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Creamy layer & poverty line

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    Creamy layer & poverty line Creamy layer & poverty line Presentation Transcript

    • Creamy Layer Description of category To whom rule of exclusion will apply I. Constitutional Posts Sons and daughter(s) of – (a) President of India; (b) Vice-President of India; (c) Judges of the Supreme Court and of the High Courts; (d) Chairman and Members of UPSC and of the State Public Service Commission; Chief Election Commissioner; Comptroller and Auditor-General of India; (e) Persons holding constitutional positions of like nature. II. Service Category A. Group ‘A’/Class I Officers of the All India Central and State Services (Direct Recruits) Son(s) and daughter(s) of – (a) parents, both of whom are Class I officers; (b) parents, either of whom is a Class I officer; c) parents, both of whom are Class I officers, but one of them dies or suffers permanent incapacitation; (d) parents, either of whom is a Class I officer and such parents dies or suffers permanent incapacitation and before such death or such incapacitation has had the benefit of employment in any International Organisation like UN, IMF, World bank, etc., for a period of not less than 5 years; (e) parents, both of whom are Class I officers die or suffer permanent incapacitation and before such death or such incapacitation of the both either of them has had the benefit of employment in any International Organisation like UN, IMF, World Bank, etc. for a period of not less than 5 years; Provided that the rule of exclusion shall not apply in the following cases :- (a) Sons and daughters of parents either of whom or both of whom are Class I officers and such parent(s) dies/die or suffer permanent incapacitation; (b) A lady belonging to OBC category has got married to a Class I officer, and may herself like to apply for job. B. Group ‘B’/Class II Officers of the Central and Son(s) and daughter(s) of – State Services (Direct Recruitment) (a) parents, both of whom are Class II officers; (b) parents of whom only the husband is a Class II officer and he gets into Class I at the age of 40 or earlier; (c) parents, both of whom are Class II officers and one of them dies or suffers permanent incapacitation and either one of them has had the benefit of employment in any International Organisation UN, IMF, World Bank, etc., for a period of not less than 5 years before such death or permanent incapacitation; (d) parents of whom the husband is a Class I officer (direct recruitment or pre- forty promoted) and the wife is a Class II officer and the wife dies; or suffers permanent incapacitation; and (e) Parents, of whom the wife is a Class I officer (Direct Recruit or pre-forty
    • TOP What is "Creamy Layer criteria The Government of India has evolved the criteria for exclusion of certain socially advanced persons/sections from the benefits of reservation available to OBCs in civil posts and services under the Government of India and this is called the "Creamy Layer criteria". What is the Cycle of Poverty? The cycle of poverty has been described as a phenomenon where poor families become trapped in poverty for generations. Because they have no or limited access to critical resources, such as education and financial services, subsequent generations are also impoverished. Due to the many root causes of poverty and the complexity with how poverty is measured and defined (read this article on absolute versus relative poverty), there are multiple cycles of poverty—based on, among other things, economic, social, spiritual and geographical factors. Many cycles overlap or perpetuate new cycles and therefore any attempt to depict the cycle of poverty will be far more simplistic than realistic. A key goal of the Sea to Sea project is, through its partners, to fund new and existing poverty-reduction initiatives that inject positive change into a poverty cycle with the intent of breaking the cycle for the individual, family or community benefiting from that initiative. For instance, Figure 1.0 below shows—in very simplistic terms—how a cycle of poverty related to hunger keeps a person or household poor in one of the world's developing countries.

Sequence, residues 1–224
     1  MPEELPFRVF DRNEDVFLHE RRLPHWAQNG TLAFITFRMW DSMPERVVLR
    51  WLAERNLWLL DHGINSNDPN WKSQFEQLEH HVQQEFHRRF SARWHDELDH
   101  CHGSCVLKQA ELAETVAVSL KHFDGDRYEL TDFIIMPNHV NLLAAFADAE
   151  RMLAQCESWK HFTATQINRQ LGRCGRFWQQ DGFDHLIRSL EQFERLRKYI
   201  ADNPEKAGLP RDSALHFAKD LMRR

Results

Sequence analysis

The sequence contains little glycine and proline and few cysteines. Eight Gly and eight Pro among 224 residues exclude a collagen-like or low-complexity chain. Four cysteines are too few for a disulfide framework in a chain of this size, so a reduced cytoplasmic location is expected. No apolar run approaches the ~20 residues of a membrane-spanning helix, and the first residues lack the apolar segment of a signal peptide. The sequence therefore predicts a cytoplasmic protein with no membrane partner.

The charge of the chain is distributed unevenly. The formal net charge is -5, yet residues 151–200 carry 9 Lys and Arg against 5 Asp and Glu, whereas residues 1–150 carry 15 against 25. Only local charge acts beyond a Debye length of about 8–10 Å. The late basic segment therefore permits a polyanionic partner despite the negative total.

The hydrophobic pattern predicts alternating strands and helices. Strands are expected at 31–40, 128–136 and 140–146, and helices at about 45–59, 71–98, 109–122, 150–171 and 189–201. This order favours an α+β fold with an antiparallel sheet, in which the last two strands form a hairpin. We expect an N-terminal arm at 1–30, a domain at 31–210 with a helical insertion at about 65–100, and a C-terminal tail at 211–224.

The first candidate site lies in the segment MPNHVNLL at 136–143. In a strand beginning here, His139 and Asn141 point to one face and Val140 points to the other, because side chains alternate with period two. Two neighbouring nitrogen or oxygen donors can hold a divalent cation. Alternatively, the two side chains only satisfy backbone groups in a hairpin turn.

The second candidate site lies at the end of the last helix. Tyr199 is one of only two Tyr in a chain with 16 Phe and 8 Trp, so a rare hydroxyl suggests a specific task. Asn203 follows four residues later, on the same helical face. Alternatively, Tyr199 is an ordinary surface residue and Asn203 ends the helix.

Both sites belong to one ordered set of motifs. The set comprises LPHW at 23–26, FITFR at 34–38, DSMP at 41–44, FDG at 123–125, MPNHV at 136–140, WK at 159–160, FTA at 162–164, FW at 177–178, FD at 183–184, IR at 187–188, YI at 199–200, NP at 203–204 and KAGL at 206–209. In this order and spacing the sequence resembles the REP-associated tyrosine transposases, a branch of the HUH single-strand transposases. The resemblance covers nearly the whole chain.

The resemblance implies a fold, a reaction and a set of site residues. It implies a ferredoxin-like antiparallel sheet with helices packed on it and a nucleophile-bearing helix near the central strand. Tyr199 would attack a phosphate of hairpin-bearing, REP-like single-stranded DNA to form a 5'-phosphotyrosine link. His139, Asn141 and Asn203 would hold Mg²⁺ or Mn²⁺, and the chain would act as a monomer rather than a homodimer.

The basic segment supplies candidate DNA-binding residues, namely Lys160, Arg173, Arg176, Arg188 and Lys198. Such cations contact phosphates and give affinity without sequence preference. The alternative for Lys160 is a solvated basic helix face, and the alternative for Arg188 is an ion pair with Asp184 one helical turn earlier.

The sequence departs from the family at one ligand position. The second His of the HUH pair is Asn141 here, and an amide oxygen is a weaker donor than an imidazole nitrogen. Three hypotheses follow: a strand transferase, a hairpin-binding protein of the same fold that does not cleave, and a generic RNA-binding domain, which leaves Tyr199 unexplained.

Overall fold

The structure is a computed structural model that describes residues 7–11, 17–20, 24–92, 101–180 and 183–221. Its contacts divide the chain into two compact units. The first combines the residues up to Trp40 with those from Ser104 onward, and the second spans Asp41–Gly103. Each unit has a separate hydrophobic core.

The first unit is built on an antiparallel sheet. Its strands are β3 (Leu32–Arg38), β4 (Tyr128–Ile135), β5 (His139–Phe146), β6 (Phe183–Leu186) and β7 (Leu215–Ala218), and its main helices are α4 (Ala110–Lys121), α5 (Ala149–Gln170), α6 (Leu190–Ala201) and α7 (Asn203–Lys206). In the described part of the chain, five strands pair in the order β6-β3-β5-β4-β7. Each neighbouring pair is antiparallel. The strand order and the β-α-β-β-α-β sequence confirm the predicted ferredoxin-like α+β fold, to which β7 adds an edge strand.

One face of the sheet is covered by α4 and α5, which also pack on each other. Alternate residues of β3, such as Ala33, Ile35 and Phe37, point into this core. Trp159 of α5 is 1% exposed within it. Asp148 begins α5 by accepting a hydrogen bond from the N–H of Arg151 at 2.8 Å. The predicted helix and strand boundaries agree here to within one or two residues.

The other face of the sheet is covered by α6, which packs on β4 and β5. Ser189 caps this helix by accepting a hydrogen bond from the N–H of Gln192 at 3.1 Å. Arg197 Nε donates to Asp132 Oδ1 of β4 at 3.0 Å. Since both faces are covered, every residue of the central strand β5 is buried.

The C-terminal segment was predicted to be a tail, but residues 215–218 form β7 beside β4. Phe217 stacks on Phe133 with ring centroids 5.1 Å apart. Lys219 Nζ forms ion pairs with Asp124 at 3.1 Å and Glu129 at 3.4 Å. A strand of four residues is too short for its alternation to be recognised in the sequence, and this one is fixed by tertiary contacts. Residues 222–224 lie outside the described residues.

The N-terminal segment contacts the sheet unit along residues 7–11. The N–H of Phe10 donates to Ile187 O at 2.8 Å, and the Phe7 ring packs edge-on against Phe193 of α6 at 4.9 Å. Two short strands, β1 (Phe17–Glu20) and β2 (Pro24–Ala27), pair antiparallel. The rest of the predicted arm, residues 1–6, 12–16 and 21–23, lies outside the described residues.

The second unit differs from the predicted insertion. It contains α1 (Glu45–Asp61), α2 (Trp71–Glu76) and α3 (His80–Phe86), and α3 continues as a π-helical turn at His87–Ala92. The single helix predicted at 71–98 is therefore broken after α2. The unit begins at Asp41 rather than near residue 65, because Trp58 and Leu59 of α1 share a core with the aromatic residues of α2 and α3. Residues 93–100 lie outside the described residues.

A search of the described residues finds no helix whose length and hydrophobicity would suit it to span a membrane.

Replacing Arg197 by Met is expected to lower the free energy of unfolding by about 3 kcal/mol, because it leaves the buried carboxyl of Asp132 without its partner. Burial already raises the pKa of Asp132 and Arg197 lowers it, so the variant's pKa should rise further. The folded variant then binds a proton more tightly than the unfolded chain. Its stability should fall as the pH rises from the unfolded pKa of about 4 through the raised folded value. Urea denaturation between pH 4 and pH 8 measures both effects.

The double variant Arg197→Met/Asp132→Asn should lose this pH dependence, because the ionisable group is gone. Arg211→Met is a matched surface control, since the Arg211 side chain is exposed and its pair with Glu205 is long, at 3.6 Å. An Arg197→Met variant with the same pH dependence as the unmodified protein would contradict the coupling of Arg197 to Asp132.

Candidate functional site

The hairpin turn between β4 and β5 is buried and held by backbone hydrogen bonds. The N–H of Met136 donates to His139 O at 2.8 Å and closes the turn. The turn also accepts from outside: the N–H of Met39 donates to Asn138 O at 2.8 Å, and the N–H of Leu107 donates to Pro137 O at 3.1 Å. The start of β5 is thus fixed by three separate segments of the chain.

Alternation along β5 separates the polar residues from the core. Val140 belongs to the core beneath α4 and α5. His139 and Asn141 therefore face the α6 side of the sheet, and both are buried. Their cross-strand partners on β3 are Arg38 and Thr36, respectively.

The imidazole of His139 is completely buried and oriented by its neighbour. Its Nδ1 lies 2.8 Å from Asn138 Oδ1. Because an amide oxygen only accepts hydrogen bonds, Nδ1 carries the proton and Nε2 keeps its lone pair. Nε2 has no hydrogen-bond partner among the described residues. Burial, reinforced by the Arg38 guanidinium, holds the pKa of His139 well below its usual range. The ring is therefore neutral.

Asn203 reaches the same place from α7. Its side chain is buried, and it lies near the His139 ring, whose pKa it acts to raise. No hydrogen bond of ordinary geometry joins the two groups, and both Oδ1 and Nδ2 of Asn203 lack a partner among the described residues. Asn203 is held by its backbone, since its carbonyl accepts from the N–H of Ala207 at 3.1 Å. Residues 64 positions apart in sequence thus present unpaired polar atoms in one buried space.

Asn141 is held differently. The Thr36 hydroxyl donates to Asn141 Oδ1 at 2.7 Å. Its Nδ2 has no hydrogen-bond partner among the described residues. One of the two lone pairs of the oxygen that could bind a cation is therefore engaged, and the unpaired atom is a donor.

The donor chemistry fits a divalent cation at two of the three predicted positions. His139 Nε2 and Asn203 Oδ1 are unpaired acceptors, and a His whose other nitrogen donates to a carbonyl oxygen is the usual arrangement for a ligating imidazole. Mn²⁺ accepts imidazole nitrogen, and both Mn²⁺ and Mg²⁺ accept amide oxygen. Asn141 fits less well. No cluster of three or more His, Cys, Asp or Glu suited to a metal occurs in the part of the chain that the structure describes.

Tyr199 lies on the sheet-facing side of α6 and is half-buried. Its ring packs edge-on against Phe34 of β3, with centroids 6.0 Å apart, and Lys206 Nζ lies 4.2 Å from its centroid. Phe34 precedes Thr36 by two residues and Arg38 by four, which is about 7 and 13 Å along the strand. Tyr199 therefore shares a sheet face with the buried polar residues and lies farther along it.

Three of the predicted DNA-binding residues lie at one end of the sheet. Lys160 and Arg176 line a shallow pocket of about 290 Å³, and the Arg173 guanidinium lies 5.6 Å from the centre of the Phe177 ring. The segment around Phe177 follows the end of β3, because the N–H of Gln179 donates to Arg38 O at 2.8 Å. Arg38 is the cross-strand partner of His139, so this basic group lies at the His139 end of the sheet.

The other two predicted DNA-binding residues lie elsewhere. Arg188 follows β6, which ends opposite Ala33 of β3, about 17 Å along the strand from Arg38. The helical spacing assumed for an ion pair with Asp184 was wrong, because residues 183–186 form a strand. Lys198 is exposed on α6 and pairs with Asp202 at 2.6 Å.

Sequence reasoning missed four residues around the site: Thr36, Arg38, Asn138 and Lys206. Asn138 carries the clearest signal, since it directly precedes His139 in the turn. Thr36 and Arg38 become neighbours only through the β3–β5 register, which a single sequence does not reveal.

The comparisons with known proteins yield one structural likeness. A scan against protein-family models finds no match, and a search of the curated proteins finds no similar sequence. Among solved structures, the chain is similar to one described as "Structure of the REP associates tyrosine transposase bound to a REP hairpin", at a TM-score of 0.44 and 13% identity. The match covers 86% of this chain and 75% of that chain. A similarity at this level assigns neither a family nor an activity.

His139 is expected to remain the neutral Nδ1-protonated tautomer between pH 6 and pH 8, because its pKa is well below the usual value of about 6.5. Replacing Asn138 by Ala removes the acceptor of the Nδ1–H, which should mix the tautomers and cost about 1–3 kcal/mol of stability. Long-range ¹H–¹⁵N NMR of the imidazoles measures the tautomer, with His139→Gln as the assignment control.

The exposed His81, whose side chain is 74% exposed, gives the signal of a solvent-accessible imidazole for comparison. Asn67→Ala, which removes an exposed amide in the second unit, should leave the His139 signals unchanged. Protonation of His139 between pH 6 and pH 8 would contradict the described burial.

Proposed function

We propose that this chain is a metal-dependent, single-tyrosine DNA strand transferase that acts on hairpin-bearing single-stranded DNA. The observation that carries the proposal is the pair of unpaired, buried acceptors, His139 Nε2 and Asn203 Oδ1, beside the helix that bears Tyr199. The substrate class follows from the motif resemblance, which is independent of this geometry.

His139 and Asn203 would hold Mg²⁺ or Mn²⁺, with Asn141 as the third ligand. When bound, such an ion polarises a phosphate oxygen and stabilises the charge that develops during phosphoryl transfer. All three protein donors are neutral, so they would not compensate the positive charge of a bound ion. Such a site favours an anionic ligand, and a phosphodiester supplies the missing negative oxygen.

• Figure 1.0 Figures 1.1 and 1.2 show examples of how to break this cycle of poverty.
    • Fig. 1.1
    • Fig. 1.2 In most cases, the cycle of poverty is systemic in nature, meaning action needs to be taken to combat the root causes of poverty. For instance, the reduction or cancellation of the national debt for the world's poorest countries will have a potentially dramatic effect on those nations' economies. They can, in turn, spend money on government-funded education for instance, rather than interest payments on a debt they will ultimately never repay. Also, one cycle of poverty can expand or develop into another. A country's slow economy, and consequently a family's low income, not only means a lack of access to food and safe water (Fig. 1.0), but also means limited or no funds for sending their children to school (Fig. 2.0).
    • Fig. 2.0 To break this cycle of poverty, Sea to Sea partners will, for example, work with farmers to teach them new agriculture techniques (Fig. 2.1). At the same time, they can work within families and communities to set up micro-credit loans (Fig. 1.1), offer training on civil rights and human rights, educate leaders to ensure programs are meeting the physical and spiritual needs of those in poverty, and more. POVERTY LINE Standard family income threshold (set by each state and revised occasionally) below which the family is officially classified as poor and entitled to welfare assistance.
    • Fig. 2.1